The protesters had intended to meet at Sydney's Town Hall before marching on to the US Consulate building at Martin Place, less than a kilometre away.
The protest is in aid of free speech after several high profile organisations withdrew their support from Wikileaks and to shine light on Julian Assange's recent arrest in London.
The letter — sent directly to Pirate Party member Rodney Serkowski from M.J. Murdoch, assistant commissioner and commander of Central Metropolitan Region — said that under Section 23 of the Summary Offences Act, the rally must be authorised by a court to be protected against various offences.
The assistant commissioner added that without a court notice authorising the rally, protesters and organisers would not have the support of the NSW Police Service.
"Under Section 26 of the Summary Offences Act, I am advising you that I oppose the holding of your public assembly," the assistant commissioner said in his correspondence.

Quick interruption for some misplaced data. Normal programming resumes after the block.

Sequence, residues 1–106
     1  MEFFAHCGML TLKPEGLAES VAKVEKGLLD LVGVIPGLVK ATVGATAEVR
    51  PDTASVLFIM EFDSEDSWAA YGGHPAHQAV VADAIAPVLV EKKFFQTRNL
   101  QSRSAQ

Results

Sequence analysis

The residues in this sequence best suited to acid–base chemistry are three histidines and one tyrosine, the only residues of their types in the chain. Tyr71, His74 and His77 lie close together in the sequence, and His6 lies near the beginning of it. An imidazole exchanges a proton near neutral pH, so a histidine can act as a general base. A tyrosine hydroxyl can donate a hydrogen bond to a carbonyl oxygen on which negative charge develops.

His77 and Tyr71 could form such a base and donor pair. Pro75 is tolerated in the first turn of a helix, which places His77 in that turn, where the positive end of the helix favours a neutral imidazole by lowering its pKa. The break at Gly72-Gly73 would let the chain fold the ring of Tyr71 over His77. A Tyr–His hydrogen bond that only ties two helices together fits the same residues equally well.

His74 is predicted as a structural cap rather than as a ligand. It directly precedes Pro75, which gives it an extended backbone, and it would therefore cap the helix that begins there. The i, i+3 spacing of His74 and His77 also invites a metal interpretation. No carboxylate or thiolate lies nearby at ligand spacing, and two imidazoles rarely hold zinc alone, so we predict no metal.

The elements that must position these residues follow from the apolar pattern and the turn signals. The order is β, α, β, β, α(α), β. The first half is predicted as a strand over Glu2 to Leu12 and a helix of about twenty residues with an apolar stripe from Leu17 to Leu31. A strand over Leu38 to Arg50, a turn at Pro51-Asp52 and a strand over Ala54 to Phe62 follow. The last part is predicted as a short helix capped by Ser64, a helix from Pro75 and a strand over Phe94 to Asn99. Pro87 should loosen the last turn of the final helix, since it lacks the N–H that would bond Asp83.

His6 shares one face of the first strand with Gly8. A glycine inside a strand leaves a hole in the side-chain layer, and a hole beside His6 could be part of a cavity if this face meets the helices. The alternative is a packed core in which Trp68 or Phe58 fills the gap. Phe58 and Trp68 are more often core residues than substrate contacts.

"Please note that without an authorised public assembly you do not have protection for obstruction type offences," Murdoch added.
Serkowski is disgusted and disappointed by the letter, and claimed that the NSW Police cited Oprah Winfrey's Sydney visit as one of the reasons it could not lend its support to the rally.
The Australian Pirate Party told its followers via social messaging service Twitter that it is still working with the NSW Police to ensure public safety, despite the commissioner's opposition of the rally.
This latest rally marks the second protest in Sydney against Julian Assange's imprisonment, with the first attracting over 1000 attendees.